"I would be foolish to think that I've got a better chance to make this relationship work with 'Helly'. My faith in this piece started absolutely with the script. I think there are no rules to it."

British director Paul Greenglass, who brought unknown writer Richard Hawkins' semi-autobiographical script to the screen, agrees with Branagh on the central issue. "There are no rules. That's what I think."

He had reservations, especially because he cast Bonham Carter first -- it was the most challenging role given the physical and vocal challenges of playing a woman with amyotrophic lateral sclerosis (ALS). Bonham Carter suggested to Greenglass that Branagh was intrigued by the script.

Which meant, if the two were not on their best behaviour, they could gang up on him during the shoot, Greenglass admits. He thought about it. He shrugged off his fears.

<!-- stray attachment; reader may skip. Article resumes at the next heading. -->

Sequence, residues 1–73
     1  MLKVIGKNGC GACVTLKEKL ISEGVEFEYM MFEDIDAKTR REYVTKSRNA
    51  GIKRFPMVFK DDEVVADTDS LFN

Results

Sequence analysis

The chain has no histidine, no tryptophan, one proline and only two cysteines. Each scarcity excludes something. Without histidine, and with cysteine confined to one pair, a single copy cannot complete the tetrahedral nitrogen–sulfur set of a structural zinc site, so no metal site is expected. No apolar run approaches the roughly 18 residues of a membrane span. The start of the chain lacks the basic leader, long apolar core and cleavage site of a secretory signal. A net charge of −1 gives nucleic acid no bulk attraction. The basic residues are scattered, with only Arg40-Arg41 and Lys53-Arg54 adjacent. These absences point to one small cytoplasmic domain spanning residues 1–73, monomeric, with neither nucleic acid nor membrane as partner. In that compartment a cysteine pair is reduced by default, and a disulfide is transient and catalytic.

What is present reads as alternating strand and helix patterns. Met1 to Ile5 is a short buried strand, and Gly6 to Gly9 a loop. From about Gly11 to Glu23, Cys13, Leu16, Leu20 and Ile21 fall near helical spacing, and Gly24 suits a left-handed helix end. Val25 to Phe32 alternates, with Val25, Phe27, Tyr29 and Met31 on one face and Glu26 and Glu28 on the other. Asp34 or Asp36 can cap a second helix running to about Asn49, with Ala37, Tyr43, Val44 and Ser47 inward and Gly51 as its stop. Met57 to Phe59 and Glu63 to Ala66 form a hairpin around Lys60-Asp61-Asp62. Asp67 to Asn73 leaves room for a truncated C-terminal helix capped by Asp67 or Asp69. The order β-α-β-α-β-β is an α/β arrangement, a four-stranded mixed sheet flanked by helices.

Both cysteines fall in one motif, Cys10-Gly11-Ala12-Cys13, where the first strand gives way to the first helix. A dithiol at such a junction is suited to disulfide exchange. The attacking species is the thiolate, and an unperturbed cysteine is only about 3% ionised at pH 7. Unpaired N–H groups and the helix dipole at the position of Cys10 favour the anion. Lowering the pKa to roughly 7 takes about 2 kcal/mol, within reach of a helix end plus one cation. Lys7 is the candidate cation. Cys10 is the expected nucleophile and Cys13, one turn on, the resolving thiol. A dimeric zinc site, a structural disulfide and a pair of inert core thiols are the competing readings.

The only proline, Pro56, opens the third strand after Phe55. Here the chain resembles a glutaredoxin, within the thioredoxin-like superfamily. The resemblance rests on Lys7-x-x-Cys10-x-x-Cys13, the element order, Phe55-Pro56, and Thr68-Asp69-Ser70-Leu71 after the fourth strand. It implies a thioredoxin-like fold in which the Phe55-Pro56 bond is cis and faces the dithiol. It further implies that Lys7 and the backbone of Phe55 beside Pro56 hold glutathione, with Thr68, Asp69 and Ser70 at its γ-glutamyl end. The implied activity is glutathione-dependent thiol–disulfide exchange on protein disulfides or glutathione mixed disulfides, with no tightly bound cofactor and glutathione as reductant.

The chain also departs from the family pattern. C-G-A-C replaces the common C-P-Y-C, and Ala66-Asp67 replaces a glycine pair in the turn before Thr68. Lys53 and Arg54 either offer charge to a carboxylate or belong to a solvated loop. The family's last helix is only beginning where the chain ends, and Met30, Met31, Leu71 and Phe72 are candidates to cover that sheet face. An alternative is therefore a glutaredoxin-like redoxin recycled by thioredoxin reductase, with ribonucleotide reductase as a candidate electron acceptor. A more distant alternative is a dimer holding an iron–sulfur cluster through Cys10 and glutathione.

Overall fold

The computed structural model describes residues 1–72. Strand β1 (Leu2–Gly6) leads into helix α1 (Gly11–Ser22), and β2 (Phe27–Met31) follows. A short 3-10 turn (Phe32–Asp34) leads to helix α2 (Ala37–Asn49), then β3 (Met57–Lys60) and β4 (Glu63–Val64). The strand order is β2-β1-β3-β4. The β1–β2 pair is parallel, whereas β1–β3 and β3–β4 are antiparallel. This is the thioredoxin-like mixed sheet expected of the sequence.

"I'll be absolutely honest," he Greenglass now. "It was never a factor for me during the making of the film. You would never know." Neither Bonham Carter nor Branagh did anything but act professionally and deliver the goods.

Branagh, in fact, was so humble to begin with that, before being cast, he offered to come in and audition. The director said yes, do it, and Branagh did a reading.

The director denies it was absurd to audition an actor of Branagh's stature and talent. "When you are directing a film like this," Greenglass says, "nothing concerns you so much as making the right choice."

For Bonham Carter, she worried more about the attention the casting of them together would get back home.

"The biggest reservation was that people were going to talk about it, that the press -- the British press, you guys are okay -- was going to make such a big deal."

She chuckles now. The British press did dog them. They did their best to ignore the paparazzi and gossip journalists. There was a bit of an escape hatch built in because The Theory Of Flight was largely shot on location in Wales.

"It ended up being -- well -- I can only say bland nice things about it," says Bonham Carter. "It was fairly harmonious, completely harmonious, and I think it (being a couple) helped in their case. We chose this not because we wanted to work together. We wanted the two separate parts. Because we did it for the right reasons, I think it helped."